Ms. Krug starts her paragraph 4 thus "Ella approaches his subject matter more from the stance of genealogical research than textual history". Although I make a brief mention of the musician John Ella (1802-1888) who had a family connection, I make it quite clear that I have no connection with other persons mentioned in my book, e.g. not two but the three kings named ELLA with other early variant scribe-forms of this name.
Regarding Ms.Krug's paragraph 5: There is a mention of "the complete absence of notes or bibliography", but she does state my usage of the Anglo-Saxon Chronicles (not Chronicle by the way) and Bede's Ecclesiastical History. However, I do use and cite other works such as English Historical Documents vol.1 by Dorothy Whitelock (London 1979) and this lady's printed translation of the Anglo-Saxon 'ChronicleS' in 1961.
In Ms. Krug's paragraph 6 there is "Although Ella admits that the Viking blood eagle rite was inhuman", etc. I did not dwell on this because it is only a Saga-legend written some centuries later than the events in the 9th century and, the inhuman rite is a contradiction on how King Ella at York died in AD 867. [DRM editor's note: for those interested in the Blood Eagle ritual, see Clarke, Howard B., "The Bloodied Eagle: the Vikings and the development of Dublin, 841-1014," The Irish Sword 18, no. 71 (1991): 91-119.]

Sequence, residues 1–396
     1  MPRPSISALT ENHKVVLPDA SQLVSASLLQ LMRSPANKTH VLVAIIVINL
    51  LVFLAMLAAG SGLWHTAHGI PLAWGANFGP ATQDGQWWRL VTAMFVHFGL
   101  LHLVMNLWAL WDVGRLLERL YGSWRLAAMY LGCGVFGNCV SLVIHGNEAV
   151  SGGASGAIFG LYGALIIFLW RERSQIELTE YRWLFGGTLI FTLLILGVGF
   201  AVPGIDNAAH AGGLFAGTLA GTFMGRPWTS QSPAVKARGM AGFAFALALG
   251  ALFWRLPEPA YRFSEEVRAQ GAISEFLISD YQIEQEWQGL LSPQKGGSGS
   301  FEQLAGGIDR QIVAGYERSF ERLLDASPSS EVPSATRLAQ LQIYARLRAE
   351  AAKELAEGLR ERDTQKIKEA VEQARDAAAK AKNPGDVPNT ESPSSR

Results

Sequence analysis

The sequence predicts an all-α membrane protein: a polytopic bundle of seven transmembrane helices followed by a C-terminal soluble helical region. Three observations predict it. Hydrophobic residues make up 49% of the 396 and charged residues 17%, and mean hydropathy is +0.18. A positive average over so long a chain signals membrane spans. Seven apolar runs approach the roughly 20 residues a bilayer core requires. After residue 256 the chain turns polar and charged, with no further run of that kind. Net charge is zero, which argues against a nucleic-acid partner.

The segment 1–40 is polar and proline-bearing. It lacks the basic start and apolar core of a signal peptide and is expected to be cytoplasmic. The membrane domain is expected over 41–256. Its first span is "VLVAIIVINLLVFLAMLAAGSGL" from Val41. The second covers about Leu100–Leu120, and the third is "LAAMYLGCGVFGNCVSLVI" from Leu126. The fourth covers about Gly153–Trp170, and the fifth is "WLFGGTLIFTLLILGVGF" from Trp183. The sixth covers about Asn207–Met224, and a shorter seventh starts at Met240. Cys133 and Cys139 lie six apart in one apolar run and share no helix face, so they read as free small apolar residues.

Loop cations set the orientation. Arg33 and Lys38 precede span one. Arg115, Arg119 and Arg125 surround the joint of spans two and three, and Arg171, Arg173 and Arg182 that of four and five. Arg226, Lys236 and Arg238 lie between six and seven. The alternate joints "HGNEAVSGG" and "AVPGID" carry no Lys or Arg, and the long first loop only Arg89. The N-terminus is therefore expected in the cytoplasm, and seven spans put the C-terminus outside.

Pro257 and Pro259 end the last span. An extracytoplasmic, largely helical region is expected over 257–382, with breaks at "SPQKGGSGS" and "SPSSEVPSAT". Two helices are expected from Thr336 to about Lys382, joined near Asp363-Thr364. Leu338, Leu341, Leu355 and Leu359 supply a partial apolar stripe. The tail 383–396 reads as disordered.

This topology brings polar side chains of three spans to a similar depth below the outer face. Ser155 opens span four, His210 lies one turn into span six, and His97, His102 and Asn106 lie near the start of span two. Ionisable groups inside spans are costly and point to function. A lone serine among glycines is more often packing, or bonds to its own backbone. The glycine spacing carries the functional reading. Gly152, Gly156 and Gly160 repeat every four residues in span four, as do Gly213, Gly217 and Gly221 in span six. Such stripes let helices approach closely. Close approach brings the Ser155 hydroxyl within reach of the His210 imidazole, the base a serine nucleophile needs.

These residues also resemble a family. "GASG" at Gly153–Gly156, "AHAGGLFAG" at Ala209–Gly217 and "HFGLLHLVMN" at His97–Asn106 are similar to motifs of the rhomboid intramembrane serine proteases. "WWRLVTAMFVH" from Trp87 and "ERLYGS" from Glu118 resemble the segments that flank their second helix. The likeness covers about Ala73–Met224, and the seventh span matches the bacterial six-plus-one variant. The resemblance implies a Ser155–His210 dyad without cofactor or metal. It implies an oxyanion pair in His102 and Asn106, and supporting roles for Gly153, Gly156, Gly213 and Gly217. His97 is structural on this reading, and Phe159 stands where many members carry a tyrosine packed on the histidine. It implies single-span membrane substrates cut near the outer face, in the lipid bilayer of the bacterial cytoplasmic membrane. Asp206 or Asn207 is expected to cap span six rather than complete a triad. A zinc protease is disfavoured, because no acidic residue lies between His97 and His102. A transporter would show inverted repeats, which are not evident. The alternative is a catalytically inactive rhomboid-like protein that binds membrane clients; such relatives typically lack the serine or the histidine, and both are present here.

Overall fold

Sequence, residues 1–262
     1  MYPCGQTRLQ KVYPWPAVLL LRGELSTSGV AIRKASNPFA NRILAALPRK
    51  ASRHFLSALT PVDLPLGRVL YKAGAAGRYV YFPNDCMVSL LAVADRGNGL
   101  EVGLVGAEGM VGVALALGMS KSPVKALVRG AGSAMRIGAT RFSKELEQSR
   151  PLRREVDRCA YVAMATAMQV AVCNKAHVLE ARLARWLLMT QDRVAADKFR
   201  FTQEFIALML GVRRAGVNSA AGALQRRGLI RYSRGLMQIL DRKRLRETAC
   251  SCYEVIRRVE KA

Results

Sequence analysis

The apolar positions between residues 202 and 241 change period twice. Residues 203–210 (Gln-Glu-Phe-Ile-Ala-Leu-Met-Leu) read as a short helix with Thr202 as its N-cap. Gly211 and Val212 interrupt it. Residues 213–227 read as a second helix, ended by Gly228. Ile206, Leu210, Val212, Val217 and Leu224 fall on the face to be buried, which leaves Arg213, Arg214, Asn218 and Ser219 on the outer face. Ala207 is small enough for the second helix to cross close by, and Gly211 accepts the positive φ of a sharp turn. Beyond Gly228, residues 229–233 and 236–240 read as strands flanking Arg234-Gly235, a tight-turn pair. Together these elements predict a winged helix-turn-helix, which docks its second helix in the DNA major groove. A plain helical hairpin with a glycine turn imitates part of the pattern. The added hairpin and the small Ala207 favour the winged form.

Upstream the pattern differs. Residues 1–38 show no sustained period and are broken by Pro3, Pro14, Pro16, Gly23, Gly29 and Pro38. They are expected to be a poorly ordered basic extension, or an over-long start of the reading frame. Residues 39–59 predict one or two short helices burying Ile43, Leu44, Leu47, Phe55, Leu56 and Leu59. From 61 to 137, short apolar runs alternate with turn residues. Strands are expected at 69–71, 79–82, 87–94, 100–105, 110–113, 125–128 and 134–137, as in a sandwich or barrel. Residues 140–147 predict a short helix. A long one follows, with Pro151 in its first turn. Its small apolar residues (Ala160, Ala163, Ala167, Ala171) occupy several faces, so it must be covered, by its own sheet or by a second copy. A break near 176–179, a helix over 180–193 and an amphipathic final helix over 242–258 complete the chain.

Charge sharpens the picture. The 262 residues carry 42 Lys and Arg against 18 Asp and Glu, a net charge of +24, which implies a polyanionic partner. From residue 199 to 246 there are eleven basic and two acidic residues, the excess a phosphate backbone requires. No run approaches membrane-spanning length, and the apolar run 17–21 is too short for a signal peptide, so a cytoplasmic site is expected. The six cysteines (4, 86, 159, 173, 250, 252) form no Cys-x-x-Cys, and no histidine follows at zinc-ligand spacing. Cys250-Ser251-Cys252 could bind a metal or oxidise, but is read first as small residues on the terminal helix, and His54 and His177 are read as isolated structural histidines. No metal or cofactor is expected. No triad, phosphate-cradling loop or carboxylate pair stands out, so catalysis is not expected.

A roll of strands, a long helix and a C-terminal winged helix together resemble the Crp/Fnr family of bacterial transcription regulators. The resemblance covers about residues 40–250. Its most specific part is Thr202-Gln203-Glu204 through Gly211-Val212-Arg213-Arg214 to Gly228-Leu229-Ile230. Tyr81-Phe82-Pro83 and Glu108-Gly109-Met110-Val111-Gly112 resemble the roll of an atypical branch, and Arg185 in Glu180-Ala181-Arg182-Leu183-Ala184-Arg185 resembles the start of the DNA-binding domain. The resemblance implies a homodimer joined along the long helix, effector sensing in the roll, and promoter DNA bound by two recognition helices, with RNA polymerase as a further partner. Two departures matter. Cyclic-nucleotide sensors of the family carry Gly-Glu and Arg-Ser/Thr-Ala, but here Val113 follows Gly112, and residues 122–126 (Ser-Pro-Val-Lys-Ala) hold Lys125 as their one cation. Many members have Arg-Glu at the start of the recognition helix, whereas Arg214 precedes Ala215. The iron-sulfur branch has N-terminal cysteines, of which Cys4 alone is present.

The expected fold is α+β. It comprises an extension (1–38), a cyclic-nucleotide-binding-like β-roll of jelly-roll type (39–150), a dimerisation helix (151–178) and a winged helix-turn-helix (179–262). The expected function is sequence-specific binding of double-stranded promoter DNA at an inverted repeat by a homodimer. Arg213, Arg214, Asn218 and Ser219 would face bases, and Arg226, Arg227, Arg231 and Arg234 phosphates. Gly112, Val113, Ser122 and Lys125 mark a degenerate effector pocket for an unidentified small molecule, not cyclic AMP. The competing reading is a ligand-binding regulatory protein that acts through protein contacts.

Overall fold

The Anglo-Saxon Chronicles and other contemporary Old-English and Latin manuscripts written in the 9th century AD state that King Ella was killed in battle, so many serious historians regarding this event and many other events do not take the Sagas academically.
In Ms. Krug's paragraph 7 there is "a serious historian of this period will probably not find this book useful", etc. I agree that any person interested in the history of military warfare would not find my book useful, although I do mention conflicts and battles between kingdoms and their monarchs in Anglo-Saxon times, so I thought I would send a copy of my book to the De Re Military book reviews editor.
Even though Ms.Krug writes that my book is "choppy", I make it clear that it is only an 'insight' to further readings by anyone who knows little about Anglo-Saxon history and, it must be noted I have also used archaeological evidence.
Yorkshire Publications is mentioned at the top of Ms.Krug's review, but the only main source for copies of my book in Canada and the USA is Mr. Martin Field, c/o Anglo-Saxon Imports, 1134, Somerville Street, Oshawa, Ontario, LIG-4K5, Canada. (See Catalogue 3 on their website)
Raymond E.O. Ella.
Page Added: September 2004; reply added October 2004